And perhaps the most novel - though untested - hypothesis is that the LLSVPs are actually fragments of an entirely different planet, buried inside ours like shrapnel after a cataclysmic impact. This event, known as 'The Big Splat', is also a major component of a leading theory to explain the formation of the moon. The idea here is that a collision between an astronomical body dubbed Theia [RIP, previously] and Earth ejected huge amounts of material into Earth orbit, which eventually coalesced to become our silvery companion.
posted by theory (33 comments total) 85 users marked this as a favorite
The visualization on that wikipedia page is very well done. It immediately makes clear what would otherwise be a fairly hard to picture.
posted by Spacelegoman at 11:43 PM on January 13, 2020 [9 favorites]

"A complete, largely unsens'd World, held within our own [...] waiting for some Summons to Light"

godammit, don't tell me Pynchon's going to be right about this, too!
posted by chavenet at 1:09 AM on January 14, 2020 [4 favorites]

forbidden fondue
posted by poffin boffin at 3:24 AM on January 14, 2020 [9 favorites]

Whatever they are, I think they resemble a colossal centrifuge, with the mass coalescing at two poles.
posted by I-Write-Essays at 3:47 AM on January 14, 2020

Wow, I am reading book three of NK Jamisin’s “Broken Earth” trilogy and let’s just say this is very relevant to my interests right now. Amazing books by the way if you weren’t already aware.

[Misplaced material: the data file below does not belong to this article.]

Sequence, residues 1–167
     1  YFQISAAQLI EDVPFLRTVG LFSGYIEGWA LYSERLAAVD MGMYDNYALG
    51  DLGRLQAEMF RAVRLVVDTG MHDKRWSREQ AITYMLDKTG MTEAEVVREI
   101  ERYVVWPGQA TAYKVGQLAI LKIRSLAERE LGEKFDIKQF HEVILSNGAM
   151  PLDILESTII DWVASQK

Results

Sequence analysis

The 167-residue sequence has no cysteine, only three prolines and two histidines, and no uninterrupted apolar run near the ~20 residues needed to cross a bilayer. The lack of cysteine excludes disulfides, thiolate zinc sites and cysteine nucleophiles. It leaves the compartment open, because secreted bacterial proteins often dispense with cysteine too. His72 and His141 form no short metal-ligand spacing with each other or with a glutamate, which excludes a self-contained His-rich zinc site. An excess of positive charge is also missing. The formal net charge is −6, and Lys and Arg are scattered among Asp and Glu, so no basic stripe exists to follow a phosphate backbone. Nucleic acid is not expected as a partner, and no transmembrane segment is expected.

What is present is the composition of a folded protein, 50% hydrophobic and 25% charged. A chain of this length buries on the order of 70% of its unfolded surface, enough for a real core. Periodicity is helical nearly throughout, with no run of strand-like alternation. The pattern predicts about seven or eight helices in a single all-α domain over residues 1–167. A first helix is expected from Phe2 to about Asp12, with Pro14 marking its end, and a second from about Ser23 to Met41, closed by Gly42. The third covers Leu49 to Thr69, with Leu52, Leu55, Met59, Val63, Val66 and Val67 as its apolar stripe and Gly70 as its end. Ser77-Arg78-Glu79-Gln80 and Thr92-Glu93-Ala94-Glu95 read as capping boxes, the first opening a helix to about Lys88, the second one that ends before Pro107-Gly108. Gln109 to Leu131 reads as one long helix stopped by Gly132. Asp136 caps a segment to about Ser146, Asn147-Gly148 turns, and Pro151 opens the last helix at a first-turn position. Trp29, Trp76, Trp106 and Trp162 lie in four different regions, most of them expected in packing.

posted by soy bean at 4:34 AM on January 14, 2020 [14 favorites]

Inside of each of us, there are two gigantic blobs.
posted by thelonius at 5:14 AM on January 14, 2020 [13 favorites]

I, for one, welcome our new Fatberg Megazords
posted by oulipian at 6:13 AM on January 14, 2020 [2 favorites]

I think whatever name you come up with, it has to be The Elder [whatever boring name you want] Gods. For example, The Elder Large Low-Shear-Velocity Provinces Gods. There you go, much more interesting name.
posted by NoMich at 6:40 AM on January 14, 2020 [1 favorite]

Great post! Now to entertain and inform myself by diving into the links...
posted by Agave at 6:44 AM on January 14, 2020

I hadn’t read much about this kind of things for years. They have much better models today than I’d seen before. Interesting—good post.
posted by Gilgamesh's Chauffeur at 7:27 AM on January 14, 2020

Thank you for posting this! I hadn't heard about this and wowie.
posted by LobsterMitten at 8:13 AM on January 14, 2020

This is really cool, thanks.
posted by PMdixon at 8:17 AM on January 14, 2020

Princess Leia’s Side Buns would be a pretty great name for a sockpuppet account.
posted by rhamphorhynchus at 8:23 AM on January 14, 2020 [2 favorites]

scientists ought to be ashamed of themselvers for tagging the monstrous anomalies with such an unremarkable moniker